Hydrogen as an alternative to massive curtailment measures. The flexibility in production and storage of green hydrogen is key to the further development and expansion of a renewables-based electricity grid. By 2050, 80 per cent of the EU’s electricity is expected to be generated from renewable sources. However, the production of renewable energy from solar PV and wind turbines is intermittent and significantly affects the stability of electricity grids. Storage facilities could flatten fluctuations in electricity generation and balance the demand and supply of energy. While Li-ion batteries could occupy the short-term niche, hydrogen and other e-fuels could be a viable long-term storage solution. In the future energy scenarios discussed above, the European Commission projects deployment of up to 105 TWh (5% of the gross demand) of hydrogen storage to store excess renewable electricity for use during peak hours with less or no power generation.
Hydrogen and hydrogen-derived e-fuels as a medium to transport energy. Hydrogen being gaseous allows us to take advantage of the existing gas pipeline and fuelling infrastructure. A liberal estimate by Siemens Energy and others in a 2020 report suggests the existing gas network in Europe and Germany to be gradually retrofitted with suitable pipes and pumps to transport hydrogen, at only 15 per cent cost of a greenfield hydrogen network. The GET H2 Nukleus project in Germany is looking to do so – in its pilot phase, 130 km of existing gas pipelines will be fully upgraded for transporting hydrogen.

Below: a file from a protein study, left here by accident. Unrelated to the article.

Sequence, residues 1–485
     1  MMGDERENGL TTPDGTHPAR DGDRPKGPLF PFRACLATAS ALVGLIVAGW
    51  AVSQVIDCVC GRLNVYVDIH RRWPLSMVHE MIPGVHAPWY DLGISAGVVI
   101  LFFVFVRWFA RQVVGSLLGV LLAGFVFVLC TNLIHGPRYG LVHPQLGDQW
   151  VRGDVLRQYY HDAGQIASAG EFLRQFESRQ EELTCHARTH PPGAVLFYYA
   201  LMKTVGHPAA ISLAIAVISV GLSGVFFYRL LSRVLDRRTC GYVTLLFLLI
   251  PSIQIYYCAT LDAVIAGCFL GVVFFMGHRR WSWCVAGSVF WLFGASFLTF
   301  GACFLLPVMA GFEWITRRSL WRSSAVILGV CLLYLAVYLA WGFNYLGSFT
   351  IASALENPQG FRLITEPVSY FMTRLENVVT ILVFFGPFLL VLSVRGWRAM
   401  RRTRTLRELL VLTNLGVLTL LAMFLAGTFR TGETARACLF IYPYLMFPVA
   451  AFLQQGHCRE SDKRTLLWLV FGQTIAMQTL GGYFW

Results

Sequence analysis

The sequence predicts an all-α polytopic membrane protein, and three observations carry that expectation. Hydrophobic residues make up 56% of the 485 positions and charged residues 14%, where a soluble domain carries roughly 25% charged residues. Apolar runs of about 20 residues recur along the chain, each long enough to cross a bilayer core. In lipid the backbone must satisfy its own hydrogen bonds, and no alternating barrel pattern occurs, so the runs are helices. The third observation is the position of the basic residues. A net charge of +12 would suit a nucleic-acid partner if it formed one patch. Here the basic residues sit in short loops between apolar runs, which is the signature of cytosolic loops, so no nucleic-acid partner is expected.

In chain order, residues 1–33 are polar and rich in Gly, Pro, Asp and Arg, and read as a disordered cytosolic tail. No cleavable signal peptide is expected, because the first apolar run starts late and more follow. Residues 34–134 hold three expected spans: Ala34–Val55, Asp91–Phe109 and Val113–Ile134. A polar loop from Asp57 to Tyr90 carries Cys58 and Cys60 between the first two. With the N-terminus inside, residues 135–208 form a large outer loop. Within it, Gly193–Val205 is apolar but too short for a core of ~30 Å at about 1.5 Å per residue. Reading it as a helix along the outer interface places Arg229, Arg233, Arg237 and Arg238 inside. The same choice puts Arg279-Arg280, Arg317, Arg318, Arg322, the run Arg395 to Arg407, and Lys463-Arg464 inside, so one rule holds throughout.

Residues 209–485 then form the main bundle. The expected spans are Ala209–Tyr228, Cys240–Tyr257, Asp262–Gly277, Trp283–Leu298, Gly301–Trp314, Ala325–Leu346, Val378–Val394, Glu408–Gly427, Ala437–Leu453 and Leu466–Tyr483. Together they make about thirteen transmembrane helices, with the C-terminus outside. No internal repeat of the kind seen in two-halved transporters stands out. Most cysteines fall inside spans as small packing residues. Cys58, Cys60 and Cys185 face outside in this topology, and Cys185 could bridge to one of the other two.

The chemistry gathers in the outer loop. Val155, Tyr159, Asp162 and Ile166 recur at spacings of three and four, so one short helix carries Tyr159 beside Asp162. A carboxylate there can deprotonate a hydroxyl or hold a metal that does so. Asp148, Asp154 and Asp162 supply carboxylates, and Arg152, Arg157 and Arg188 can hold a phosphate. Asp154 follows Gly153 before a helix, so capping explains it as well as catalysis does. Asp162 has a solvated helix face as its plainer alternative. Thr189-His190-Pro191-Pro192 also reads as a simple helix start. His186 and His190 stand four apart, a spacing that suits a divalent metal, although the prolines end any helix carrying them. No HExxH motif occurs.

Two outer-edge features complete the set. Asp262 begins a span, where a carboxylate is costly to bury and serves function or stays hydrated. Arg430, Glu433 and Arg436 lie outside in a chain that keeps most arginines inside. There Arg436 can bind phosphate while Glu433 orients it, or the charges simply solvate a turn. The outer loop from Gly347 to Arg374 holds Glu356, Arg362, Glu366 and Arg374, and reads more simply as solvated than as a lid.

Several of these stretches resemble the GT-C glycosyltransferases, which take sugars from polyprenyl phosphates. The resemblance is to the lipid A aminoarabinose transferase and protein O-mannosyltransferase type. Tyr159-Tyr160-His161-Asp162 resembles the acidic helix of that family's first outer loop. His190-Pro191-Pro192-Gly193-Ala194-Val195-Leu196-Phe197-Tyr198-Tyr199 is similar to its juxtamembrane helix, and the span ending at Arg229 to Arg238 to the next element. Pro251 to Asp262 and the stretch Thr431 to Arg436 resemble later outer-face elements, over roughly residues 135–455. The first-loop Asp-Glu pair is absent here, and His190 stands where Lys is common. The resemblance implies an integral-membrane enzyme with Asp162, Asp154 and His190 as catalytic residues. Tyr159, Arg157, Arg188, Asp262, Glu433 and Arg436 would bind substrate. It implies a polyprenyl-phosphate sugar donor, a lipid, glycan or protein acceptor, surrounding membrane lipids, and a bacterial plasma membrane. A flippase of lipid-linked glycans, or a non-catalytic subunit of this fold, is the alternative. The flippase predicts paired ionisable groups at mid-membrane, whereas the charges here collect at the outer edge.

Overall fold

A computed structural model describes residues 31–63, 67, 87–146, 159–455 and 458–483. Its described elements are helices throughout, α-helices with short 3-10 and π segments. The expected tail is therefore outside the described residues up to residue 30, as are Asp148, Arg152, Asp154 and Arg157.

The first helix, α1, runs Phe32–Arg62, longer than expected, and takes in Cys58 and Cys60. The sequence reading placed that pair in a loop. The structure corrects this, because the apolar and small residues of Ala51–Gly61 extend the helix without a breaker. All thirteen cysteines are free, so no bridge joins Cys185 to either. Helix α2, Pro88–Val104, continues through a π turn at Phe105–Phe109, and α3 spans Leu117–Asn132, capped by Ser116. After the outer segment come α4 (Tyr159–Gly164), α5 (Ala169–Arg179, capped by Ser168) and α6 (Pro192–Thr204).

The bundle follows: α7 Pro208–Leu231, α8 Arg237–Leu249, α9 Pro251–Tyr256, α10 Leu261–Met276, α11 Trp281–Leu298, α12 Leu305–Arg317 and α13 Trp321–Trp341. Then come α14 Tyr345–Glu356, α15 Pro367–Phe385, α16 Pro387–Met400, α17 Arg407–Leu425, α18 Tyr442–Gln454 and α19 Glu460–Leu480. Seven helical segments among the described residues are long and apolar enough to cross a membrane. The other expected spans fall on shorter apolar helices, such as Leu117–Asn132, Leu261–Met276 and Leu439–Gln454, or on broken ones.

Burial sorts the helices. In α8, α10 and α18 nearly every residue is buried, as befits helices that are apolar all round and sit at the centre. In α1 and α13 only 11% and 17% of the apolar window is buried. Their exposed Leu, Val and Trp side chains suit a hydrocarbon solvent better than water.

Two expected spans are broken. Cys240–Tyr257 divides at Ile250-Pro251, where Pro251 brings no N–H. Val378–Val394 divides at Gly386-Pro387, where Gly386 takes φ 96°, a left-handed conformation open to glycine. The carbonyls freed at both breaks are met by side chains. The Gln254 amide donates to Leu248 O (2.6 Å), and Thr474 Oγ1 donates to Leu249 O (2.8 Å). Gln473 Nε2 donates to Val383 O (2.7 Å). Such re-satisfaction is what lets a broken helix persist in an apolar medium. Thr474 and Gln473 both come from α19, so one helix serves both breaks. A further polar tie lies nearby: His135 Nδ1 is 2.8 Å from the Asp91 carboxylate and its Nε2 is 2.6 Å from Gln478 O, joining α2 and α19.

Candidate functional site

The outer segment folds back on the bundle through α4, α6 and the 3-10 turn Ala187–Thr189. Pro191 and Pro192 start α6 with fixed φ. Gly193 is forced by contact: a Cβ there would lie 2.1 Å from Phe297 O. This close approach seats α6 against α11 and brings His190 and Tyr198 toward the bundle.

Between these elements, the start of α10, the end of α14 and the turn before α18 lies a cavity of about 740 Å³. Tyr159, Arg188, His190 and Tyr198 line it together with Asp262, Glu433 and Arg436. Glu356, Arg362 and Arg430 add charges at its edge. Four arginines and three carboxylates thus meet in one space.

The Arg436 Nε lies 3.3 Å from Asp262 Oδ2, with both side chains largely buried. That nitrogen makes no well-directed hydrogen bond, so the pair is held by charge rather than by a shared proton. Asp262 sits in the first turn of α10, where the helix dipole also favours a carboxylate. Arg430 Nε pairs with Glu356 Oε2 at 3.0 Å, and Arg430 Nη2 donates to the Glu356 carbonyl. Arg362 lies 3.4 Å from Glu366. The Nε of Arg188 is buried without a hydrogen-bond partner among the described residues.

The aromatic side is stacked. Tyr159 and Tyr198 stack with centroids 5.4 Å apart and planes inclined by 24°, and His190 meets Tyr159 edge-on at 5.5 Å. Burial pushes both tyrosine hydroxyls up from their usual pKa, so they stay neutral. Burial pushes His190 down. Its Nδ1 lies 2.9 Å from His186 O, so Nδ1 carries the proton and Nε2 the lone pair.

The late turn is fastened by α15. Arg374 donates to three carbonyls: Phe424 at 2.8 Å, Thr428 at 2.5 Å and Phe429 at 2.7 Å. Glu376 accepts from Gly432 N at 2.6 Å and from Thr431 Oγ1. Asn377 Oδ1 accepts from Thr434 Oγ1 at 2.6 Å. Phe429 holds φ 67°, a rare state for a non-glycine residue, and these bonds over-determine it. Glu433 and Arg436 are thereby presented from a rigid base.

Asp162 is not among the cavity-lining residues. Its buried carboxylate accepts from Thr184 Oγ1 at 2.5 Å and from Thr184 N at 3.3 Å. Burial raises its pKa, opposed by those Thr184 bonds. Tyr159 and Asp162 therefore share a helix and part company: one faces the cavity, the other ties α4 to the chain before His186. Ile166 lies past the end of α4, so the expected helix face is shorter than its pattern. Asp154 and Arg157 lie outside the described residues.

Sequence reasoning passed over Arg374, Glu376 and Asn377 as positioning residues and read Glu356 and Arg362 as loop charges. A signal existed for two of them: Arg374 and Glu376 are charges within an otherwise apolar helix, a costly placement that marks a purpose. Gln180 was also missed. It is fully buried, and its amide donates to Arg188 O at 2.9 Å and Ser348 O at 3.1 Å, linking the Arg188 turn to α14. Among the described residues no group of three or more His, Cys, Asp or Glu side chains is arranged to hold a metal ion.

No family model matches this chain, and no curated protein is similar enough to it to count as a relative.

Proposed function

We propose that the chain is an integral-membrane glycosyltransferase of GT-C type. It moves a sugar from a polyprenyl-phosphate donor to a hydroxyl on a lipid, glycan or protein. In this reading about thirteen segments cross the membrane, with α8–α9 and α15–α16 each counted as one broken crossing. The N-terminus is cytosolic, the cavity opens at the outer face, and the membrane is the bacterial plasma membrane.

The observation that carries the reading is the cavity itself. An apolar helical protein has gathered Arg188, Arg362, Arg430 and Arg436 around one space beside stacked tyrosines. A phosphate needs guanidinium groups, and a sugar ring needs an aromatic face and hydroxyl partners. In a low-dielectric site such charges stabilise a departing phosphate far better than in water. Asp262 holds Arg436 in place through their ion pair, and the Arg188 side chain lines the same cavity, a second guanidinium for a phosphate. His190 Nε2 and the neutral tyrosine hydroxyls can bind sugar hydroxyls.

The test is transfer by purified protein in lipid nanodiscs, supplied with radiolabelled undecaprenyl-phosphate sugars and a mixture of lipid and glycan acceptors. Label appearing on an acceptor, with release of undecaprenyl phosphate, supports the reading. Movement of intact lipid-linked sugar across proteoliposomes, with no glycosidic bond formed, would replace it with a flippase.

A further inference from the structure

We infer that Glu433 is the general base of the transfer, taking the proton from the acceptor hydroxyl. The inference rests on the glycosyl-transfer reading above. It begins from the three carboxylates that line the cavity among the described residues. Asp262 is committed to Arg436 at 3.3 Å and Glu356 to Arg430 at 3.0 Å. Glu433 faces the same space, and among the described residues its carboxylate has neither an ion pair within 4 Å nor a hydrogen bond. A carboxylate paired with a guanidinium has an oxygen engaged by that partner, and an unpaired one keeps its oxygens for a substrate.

Structural change ahead
The rise of the hydrogen economy will fundamentally impact various industries, creating new value propositions and growth opportunities.
The scenarios from the European Commission discussed here can be considered normative. They depict the “big” picture of the future and suggest ways to achieve climate targets and their respective implications. The projections set the stage for the upcoming revolution in the energy sector and the pioneering role hydrogen plays in it. With the rise of the hydrogen economy, the classic energy market supply-chain, starting from resource extraction to refining and export, will give way to a more diversified hydrogen chain, including new links such as carbon capture and electricity storage. Today’s energy market giants – the oil and gas corporations – are forced to rethink their business strategies, making room for innovations and new players.
The emerging prospects make it clear that hydrogen will change the energy landscape as we know it. And this change has already begun. The winners of this incipient race will be those who can best assess the opportunities green hydrogen is revealing and integrate them into the green economy.
Learn more about the first commercial green hydrogen projects and the companies involved in our upcoming report Hydrogen Pioneers 2021.